Speaker 1: Bridge. Good, just spit them out. I need some more. Especially from the academics. What’s an asset?
Speaker 4: An intangible sense of being in that place.
Speaker 1: That’s an asset.
Speaker 5: Experience.
Speaker 1: What about the photographs? What about the documents that can be scanned? What about the people that can do that? What about the laser scans? Here’s the problem. We’re thinking about what we do. We’re not thinking about what the people are doing. I’m being careful, again, give me a break on this. I’m just being a general. The assets are anything that can be contributing to the success of a heritage site. It’s the intangible. It’s the goodwill of the people that work there. It’s the building that’s along the highway that people see as they come by. Okay, so how are we going to collect those assets? This is a very important part of 3-D digital documentation. I’m going to speed ahead.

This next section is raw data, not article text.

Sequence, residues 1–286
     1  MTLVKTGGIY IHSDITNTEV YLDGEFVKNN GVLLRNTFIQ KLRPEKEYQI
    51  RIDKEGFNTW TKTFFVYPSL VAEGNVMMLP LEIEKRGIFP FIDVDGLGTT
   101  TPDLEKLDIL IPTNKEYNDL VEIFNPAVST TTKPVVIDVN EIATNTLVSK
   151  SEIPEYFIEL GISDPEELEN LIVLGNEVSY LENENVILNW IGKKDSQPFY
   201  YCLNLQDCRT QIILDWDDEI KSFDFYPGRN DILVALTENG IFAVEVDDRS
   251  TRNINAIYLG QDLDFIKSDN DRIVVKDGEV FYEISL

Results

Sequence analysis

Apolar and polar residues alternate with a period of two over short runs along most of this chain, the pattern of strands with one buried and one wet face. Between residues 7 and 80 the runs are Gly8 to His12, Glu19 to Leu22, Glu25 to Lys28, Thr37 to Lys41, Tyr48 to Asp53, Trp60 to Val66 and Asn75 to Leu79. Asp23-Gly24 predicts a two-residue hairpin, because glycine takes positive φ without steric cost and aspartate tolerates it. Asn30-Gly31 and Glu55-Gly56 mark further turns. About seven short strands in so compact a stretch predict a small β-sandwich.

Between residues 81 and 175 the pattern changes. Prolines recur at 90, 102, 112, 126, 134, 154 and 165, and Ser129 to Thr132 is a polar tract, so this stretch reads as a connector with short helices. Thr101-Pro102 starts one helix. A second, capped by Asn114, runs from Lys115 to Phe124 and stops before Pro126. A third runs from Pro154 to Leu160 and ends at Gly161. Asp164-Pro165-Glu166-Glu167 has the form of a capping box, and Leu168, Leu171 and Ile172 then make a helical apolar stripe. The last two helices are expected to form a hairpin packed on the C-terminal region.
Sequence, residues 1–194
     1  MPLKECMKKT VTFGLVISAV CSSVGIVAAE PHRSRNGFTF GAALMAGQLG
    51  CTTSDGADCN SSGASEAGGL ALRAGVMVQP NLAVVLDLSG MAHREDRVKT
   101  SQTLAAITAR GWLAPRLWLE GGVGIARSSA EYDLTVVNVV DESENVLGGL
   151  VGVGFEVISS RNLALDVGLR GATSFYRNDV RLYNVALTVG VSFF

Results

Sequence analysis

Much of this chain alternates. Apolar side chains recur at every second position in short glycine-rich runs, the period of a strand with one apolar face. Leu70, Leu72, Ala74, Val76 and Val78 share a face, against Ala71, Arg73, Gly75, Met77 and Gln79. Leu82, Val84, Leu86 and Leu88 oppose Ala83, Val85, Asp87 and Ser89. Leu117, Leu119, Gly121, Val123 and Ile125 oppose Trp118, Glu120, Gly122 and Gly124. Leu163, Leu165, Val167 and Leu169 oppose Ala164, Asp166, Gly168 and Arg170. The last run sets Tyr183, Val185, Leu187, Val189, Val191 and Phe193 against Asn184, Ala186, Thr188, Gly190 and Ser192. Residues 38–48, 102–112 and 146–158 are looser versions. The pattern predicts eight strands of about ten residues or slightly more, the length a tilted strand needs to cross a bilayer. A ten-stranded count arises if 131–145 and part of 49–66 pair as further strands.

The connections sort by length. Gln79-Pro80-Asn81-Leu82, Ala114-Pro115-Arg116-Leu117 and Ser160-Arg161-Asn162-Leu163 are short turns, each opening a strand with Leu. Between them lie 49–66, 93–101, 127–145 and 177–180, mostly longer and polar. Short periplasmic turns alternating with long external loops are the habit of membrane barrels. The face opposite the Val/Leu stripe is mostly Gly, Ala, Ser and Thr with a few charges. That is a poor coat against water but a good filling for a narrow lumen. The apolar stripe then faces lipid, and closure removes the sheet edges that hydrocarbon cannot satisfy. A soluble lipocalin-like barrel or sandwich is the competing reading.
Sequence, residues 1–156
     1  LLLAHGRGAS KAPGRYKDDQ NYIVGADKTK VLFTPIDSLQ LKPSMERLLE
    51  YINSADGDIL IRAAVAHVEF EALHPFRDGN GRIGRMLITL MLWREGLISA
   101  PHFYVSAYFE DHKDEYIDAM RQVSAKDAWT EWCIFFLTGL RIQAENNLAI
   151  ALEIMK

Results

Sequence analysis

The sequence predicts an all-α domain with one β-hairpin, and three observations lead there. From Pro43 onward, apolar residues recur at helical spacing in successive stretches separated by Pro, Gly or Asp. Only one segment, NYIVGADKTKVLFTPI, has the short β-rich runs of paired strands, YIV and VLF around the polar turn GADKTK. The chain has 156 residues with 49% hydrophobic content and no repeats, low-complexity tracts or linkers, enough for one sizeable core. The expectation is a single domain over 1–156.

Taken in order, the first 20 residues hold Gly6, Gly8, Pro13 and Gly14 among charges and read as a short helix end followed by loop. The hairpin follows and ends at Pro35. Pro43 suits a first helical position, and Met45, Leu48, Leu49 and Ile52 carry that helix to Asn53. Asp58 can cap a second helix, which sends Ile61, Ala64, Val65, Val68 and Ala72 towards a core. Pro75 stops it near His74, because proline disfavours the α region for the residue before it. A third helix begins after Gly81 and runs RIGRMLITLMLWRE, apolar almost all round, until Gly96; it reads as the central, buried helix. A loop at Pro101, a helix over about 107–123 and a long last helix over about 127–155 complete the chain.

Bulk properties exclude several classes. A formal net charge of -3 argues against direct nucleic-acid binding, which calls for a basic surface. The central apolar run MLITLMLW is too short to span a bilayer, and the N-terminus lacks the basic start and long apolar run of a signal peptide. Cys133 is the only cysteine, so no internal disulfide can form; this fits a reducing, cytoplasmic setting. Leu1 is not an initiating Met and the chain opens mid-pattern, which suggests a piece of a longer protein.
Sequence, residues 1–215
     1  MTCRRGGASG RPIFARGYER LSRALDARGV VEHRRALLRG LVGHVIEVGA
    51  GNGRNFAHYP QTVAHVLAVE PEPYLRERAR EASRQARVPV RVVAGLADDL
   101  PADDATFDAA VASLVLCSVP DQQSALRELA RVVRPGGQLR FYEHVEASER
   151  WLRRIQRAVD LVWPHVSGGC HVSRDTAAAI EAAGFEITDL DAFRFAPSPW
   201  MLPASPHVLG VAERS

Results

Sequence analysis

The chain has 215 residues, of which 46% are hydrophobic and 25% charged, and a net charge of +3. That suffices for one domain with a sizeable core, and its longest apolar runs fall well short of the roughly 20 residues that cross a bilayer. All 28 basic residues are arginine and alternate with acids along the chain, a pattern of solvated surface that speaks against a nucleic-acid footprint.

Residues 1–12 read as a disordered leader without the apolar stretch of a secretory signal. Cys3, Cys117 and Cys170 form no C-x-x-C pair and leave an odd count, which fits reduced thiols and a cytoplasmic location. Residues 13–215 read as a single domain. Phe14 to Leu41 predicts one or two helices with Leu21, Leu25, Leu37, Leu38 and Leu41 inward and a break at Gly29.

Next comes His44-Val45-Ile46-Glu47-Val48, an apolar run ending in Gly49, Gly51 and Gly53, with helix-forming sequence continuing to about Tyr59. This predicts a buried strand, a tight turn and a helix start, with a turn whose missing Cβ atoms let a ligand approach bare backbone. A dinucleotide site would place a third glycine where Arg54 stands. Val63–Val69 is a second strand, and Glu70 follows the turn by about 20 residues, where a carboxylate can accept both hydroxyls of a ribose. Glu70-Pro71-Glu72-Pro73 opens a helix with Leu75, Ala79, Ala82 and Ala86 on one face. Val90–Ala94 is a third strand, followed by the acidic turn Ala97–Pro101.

A video camera is a three dimensional video documentation technology. It records sound, color, and motion. And, there are millions of people who are doing that daily. Look at YouTube.
We have consumer that are using 4K video, high-definition, Bluetooth, all of that stuff to produce video content. They’re out there. We have people that are flying UAVs around. We have photogrammetry, hobbyists. It’s in the smartphone. Things we didn’t even have five years ago.